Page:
WASHINGTON — When is a liberal conference not a liberal conference? When it's a progressive one.
Therein lies no small bit of controversy among the ever-churning American left.
You could be forgiven, if upon wandering into the Campaign for America's Future "Take Back America" conference here this week, you thought you were among liberals. Consider:
_ A session on impeaching President Bush, with lots of "Impeach Him" buttons floating around.
_ Books for sale such as "American Assassination: The Strange Death of Paul Wellstone," positing that the liberal Minnesota senator's death in a 2002 plane crash was no accident.
_ Exhibition booths for such established groups as People for the American Way and more obscure outfits such as the Secular Coalition of America.
_ The opening news conference, where one speaker said he wanted to "force Republicans onto their knees and beg for forgiveness," and another decried "the utter bankruptcy of our corporate-driven economy."
But at that hour-long news conference, the word "liberal" wasn't uttered once by any of the six speakers. They used the word "progressive" at least 32 times.
"Progressives are now driving the debate," declared conference organizer Robert Borosage, who set the standard with 11 references to "progressive" in 12 minutes. "American opinions on issue after issue, whether it's on the economy or on Iraq or on social issues, they are moving toward progressives in large numbers."
Democrats won the 2006 elections and may be optimistic about 2008. "Public opinion is going liberalism's way on everything from gay marriage to taxes to health care to poverty to global warming," Ross Douthat argues on The Atlantic's Web site.
Despite that, it's clear that in the wars over political rhetoric, many lefties think that one casualty will never recover: the word "liberal."
Time was when liberals stood proudly behind Franklin Roosevelt's social-welfare liberalism, John F. Kennedy's muscular Cold War foreign-policy liberalism and Lyndon B. Johnson's civil-rights liberalism.
"Conservatives waged a huge assault to discredit the word liberal and liberalism," Borosage explained.
He and others say there really is a difference between a liberal and a progressive and that they haven't just sacrificed a once-proud word to the conservative onslaught.
"The agenda has changed," Borosage said. He contends that the left's current focus is "a striking parallel" to the early 20th-century Progressive movement's effort to ensure fairness under the industrialized economy. The left wants to do the same for the emerging globalized economy, Borosage said.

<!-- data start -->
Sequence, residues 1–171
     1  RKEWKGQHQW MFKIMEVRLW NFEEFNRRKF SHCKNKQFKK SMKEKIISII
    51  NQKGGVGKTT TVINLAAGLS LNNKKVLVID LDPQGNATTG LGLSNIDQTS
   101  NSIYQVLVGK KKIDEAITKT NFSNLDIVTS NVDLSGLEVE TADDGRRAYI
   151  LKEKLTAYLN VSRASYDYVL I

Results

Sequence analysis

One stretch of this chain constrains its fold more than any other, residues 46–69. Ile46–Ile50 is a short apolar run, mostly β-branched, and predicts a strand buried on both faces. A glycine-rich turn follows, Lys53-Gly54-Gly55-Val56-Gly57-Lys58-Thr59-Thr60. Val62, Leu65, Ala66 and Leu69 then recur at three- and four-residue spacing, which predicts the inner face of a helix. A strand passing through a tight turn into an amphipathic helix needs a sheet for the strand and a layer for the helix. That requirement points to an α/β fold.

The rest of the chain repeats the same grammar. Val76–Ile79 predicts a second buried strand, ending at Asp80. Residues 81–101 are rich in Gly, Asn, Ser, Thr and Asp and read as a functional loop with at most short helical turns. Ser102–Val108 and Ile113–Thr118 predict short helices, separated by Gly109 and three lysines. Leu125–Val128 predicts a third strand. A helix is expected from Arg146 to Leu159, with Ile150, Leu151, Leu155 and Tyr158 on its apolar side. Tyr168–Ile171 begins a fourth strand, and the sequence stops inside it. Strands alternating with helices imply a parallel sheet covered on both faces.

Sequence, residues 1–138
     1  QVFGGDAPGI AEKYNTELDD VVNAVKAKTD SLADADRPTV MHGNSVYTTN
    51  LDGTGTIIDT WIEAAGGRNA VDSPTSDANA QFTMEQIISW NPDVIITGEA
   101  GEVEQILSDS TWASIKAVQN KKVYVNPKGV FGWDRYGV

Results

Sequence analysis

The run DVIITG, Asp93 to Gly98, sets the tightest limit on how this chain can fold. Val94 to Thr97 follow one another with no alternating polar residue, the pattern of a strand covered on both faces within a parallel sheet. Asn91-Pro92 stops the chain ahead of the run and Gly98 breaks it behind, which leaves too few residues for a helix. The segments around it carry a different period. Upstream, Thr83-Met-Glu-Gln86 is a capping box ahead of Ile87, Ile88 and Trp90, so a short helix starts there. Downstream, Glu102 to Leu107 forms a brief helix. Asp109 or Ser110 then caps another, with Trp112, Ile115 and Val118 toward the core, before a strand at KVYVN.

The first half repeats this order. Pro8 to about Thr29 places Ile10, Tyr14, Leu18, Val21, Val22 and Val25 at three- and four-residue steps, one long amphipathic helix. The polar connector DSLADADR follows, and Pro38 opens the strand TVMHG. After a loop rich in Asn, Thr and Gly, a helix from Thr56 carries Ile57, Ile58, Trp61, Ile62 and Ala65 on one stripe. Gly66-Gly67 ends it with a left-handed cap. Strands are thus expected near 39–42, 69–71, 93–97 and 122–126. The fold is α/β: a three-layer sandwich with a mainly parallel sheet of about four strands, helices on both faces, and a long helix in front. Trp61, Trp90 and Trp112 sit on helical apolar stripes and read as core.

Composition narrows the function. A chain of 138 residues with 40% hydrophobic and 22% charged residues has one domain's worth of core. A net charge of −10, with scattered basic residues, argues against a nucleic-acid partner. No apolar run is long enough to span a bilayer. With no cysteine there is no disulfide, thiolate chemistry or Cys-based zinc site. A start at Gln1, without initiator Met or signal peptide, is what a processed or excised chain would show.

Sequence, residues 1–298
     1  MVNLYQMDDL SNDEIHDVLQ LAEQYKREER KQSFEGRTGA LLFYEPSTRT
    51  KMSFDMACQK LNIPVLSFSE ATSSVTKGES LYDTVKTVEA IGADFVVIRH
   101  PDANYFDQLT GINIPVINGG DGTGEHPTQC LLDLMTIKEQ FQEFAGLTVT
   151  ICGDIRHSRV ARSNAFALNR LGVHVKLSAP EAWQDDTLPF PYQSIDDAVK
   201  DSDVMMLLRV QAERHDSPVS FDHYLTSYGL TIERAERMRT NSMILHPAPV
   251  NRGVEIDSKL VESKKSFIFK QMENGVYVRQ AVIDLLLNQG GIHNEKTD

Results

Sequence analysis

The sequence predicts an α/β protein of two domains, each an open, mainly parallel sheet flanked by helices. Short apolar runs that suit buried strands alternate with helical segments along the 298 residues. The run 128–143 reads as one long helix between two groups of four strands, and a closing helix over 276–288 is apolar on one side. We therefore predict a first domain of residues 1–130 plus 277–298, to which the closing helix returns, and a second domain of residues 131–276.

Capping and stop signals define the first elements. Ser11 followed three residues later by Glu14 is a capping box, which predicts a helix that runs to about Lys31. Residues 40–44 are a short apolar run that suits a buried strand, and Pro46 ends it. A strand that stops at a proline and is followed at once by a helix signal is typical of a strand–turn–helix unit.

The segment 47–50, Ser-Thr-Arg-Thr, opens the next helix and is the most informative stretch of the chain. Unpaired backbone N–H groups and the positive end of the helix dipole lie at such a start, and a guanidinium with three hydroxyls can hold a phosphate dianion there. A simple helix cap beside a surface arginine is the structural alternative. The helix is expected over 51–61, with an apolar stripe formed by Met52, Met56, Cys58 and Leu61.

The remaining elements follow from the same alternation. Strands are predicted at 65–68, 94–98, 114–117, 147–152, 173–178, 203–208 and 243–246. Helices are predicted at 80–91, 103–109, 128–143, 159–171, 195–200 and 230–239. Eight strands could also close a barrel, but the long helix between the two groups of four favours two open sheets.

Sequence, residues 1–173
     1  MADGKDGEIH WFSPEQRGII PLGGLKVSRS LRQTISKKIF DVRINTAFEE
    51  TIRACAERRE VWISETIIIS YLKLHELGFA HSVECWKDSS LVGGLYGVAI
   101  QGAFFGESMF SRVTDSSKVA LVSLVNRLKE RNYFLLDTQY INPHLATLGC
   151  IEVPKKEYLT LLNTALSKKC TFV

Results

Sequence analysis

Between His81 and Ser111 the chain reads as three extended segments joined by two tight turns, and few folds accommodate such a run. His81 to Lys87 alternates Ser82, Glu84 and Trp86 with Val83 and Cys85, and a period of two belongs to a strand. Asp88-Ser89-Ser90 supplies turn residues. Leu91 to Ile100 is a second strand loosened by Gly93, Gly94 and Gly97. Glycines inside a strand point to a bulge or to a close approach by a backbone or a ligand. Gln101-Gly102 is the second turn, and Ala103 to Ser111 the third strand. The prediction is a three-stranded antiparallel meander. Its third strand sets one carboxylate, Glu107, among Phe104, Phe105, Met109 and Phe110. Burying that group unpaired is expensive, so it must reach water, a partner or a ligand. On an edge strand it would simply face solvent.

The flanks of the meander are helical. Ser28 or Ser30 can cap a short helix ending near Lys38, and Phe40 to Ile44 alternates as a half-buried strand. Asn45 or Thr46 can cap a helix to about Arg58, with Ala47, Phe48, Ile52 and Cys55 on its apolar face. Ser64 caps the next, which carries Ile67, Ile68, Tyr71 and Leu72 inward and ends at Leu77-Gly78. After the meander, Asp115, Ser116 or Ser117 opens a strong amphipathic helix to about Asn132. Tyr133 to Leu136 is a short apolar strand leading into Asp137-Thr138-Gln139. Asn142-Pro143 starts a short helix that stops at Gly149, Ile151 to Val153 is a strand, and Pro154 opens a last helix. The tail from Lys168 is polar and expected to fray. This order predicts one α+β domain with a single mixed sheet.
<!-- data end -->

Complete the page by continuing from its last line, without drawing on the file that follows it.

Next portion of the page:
Jim Dean, the chairman of the grass-roots-organizing group Democracy for America, offered an alternative theory, saying liberalism was about ideology while progressivism is about "getting things done."
To all of which liberal — and proud of it — thinker Douglas Massey responds with a derisive snort.
"I don't think (progressive) gets you anywhere that liberal doesn't," said Massey, a Princeton University professor who wrote "Return of the 'L' Word: A Liberal Vision for the New Century," available at the conference. "I don't think you're fooling anybody. The only way to deal with it is to come up with a strong counter-narrative and say, `Damn right, I'm a liberal, and here's why and here's why you should be, too.' Dodging it just makes you look guilty. Like you've got something to hide."
There seems to be a schism between the Beltway-oriented political class, which mouths the word "progressive" like a talisman, and some members of the grass-roots left, who still embrace the word "liberal."
Take Steve Robinson, a burly lawyer from Lawrence, Kan., who took a break from the exhibit table for AlGore.org — a movement to draft Gore for president — to smoke a few Marlboros, and who looked fully capable of giving a serious whupping to anyone who'd dare mock the word "liberal" to his face.
"I consciously use the word 'liberal' because I'm so offended by the demonization of the word," Robinson said. "What we need is a liberal show on CNN or MSNBC where someone uses the word liberal every day in a good way."
Carolyn Castore, an attendee from Milwaukee, said she knew many people who preferred "liberal" over "progressive."
"In the end, a label is less important," Castore said. "What matters is we're all at the table meeting and developing a path to action."
Besides, Castore added slyly, "I call (conservatives) a lot of things they don't call themselves."
Here are some links to stories on the state of the American left: